Saturday, December 8, 2012

Inspiration, Imagination, Intuition: Email Writing Workshop

This seven-week email workshop will be of interest to anyone who wants to explore the creative process through writing. It will benefit both beginning and established writers in all genres from fiction and poetry to technical writing and memoir. Participants will: 

  •  make the space to write – physical, mental, emotional  
  • practice easy and effective writing guidelines to move through creative blocks     
  • hush those internal nay-saying voices that lead to abandoned writing projects
  • enjoy writing opportunities that invite the muse to play
  • bring mindful awareness to the creative process

How the workshop will work:

-      Each week the facilitator will email a short discussion of an aspect of the writing/creative  process, along with an opportunity to practice through a specific writing exercise.
-      If they choose to, participants will email back their responses: short excerpts from what they have written in response to the assignment; and/or insights that arose from completing the assignment.
-      With participants’ permission, a selection of these responses will be sent anonymously as encouragement to all workshop participants.

The seven-week workshop will begin January 8. Cost is $85.00. Payment by check, cheque or Paypal. Registration deadline: January 4. 

I will donate 30% of tuition to the Zen Monastery Peace Center

What previous participants in the workshop have said:

clear, imaginative and supportive
- KM, British Columbia 

It was fun to open an e-mail and see what was in store for me that week. This is a wonderful and gentle way to start coming out as a writer.
JZ, Alberta

Your questions for us regarding the ideal writing space had me traveling ...emotionally....physically...historically...habitually...returning to my own home place.
CW, Saskatchewan

To register, contact: 

Tuesday, December 4, 2012

Pages and Patches: Review of Watermarks

Pages and Patches: Watermarks - Laura Burkhart:
Watermarks Author: Laura Burkhart
Publisher: Wild Sage Press Web:

You might suppose creative licence means you can do whatever you like as an artist, but much like any licence, say for driving, hunting, or practicing medicine, there are rules to follow. Creative licence isn’t a hall pass into anarchy – artists have an obligation to their craft to make it worth our attention and time. Some art might teach, while other art might simply teach the lesson of beauty.
                Laura Burkhart’s Watermarks is a collection of Carpe Diem poetry, the purpose of which is to teach us to seize the day, and by extension, our lives. To find fulfilling personal experiences, Burkhart’s poems seem to say, is a pursuit of transcendence above our egos. After all, the final piece, a sonnet titled “Time”, ends with the phrase, “Time is of the essence. Who said that?” Burkhart’s question perhaps points to our desire to find answers at the risk of missing the point.
                We are finite; one day even our legacies will be watermarks on stone. Why not leave a beautiful mark?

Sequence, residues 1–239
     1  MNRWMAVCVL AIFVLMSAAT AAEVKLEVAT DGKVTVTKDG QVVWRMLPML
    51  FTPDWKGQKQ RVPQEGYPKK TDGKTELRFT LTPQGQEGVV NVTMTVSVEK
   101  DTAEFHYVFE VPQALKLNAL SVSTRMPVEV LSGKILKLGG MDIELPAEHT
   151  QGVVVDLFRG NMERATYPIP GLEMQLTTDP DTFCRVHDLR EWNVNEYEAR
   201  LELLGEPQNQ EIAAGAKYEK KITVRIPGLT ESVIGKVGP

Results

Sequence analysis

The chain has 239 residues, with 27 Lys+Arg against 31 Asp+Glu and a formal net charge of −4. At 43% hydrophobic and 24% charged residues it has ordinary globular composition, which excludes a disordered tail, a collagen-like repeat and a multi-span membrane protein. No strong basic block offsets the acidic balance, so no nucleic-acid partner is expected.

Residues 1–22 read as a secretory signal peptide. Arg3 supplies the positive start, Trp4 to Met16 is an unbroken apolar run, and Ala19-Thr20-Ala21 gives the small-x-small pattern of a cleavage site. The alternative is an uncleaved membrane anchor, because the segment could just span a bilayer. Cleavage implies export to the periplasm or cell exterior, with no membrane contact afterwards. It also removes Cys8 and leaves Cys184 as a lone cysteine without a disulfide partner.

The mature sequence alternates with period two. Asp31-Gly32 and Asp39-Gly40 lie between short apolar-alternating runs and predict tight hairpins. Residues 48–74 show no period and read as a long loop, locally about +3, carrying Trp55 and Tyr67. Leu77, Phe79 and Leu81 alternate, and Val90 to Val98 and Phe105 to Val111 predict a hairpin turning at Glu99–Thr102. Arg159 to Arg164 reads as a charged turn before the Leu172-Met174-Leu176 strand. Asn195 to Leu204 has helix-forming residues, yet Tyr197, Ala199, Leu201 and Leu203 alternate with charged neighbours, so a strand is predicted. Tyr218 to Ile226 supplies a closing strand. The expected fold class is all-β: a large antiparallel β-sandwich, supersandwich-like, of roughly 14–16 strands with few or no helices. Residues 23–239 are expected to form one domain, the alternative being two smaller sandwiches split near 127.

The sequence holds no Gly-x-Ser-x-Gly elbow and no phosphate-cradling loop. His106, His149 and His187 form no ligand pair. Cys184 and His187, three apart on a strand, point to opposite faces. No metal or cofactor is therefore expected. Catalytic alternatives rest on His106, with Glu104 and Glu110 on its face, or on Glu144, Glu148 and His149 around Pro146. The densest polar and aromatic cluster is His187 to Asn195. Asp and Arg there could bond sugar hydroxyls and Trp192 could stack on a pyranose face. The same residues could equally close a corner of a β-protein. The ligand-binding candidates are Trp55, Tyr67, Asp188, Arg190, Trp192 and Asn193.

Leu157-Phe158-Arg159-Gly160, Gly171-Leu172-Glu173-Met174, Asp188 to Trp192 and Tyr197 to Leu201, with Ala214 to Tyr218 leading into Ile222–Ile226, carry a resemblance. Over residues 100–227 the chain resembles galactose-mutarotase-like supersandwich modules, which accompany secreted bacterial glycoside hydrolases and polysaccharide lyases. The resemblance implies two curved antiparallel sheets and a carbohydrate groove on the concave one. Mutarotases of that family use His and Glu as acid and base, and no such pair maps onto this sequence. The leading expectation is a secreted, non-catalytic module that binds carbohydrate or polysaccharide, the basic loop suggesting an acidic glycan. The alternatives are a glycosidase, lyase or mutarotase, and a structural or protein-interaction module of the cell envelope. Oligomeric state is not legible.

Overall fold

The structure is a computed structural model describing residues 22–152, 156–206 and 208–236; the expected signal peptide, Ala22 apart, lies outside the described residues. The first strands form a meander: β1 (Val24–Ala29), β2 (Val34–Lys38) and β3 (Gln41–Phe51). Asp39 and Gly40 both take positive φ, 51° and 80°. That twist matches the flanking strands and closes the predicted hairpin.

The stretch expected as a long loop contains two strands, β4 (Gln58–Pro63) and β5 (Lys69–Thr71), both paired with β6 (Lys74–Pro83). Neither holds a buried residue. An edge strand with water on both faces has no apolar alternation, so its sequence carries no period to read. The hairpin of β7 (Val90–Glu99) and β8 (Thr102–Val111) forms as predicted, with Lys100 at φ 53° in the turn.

I don’t mean to turn this review into an epistemology discussion – because truly, Burkheart’s Watermarks is a tour of gaping wonder. While asking the big questions about life, her command of sound alone lifts us to that higher plane of the sublime. Note the lilting line in “Household Effects”:
                                An accessory to beautify, frou-frou embellishment, gimcrack knickknack, maybe one
                             they chose together on a rare outing to the country on one Sunday afternoon touring
                                antique shops.
The speaker in this poem discusses her curiosity regarding a news story about a woman who murders her husband with a “household ornament.” The poem is both an absurd seize-the-day story and, simply, is a lot of fun to read.
                Many of Burkhart’s works are playful, such as the opening “Advice from Noah’s Wife”, in which the prophet’s marital partner questions the logistics of the biblical journey and her husband, who needs looking after just as much as the animals. Gender is a prominent theme of Watermarks, as many of the female voices are empathizing tourists journeying through Hawaii, the Middle East, and Asia. Their surroundings are mystical, and the people in them are curiosities, sometimes tragically so.
                The transition from ecstasy to tragedy is stark in Watermarks. “Feed Me”, an example of ecstasy, is a call to worldly delights:
                                Start with that strawberry, the crimson one,
                                plump drops of moisture on its skin. Then move on
                                to praise a poet, Rumi say, or sing a psalm
                                of David to Bathsheba. Next on the menu
                                a belly laugh so deep and pure it attaches
                                to my wit and holds me tight
                                as you do in the night.
Several poems later, we are brought to “Burdened As We Are”. Here, “Headstones grow from our spines.” The transition from “Feed Me,” where the body is built for pleasure becomes a thing that will ultimately pass. Burkhart teaches us to pass on to the next life, without passing up this one.

Devin Pacholik is a book reviewer with Global News Regina, an Editor with Fine Lifestyles, Business Regina, and Business Saskatoon magazines, a humourist, and author.  

Sunday, December 2, 2012

Hawaiian Launch a Success!

The room  was filled to overflowing. Members of the
Inkwells read from their work, and selected poems